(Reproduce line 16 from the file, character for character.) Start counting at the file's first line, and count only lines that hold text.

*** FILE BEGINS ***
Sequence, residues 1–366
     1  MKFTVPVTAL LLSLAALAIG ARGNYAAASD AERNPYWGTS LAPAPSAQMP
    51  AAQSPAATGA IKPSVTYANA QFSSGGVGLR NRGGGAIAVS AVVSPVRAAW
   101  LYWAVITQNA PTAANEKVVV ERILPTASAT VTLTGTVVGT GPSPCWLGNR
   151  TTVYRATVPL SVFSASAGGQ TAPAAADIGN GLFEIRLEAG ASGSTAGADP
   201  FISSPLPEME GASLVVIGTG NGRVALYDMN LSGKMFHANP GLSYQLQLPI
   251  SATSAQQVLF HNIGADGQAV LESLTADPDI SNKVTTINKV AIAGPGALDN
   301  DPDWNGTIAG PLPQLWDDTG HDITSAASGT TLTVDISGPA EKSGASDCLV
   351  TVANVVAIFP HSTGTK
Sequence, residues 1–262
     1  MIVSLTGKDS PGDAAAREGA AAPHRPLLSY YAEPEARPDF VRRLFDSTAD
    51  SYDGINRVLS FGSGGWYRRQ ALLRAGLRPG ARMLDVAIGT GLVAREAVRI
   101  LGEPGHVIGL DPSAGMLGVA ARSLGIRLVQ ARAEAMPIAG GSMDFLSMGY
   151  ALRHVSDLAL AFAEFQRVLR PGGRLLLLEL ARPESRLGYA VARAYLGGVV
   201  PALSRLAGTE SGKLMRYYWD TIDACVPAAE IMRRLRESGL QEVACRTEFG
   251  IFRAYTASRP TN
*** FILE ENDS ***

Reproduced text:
   251  IFRAYTASRP TN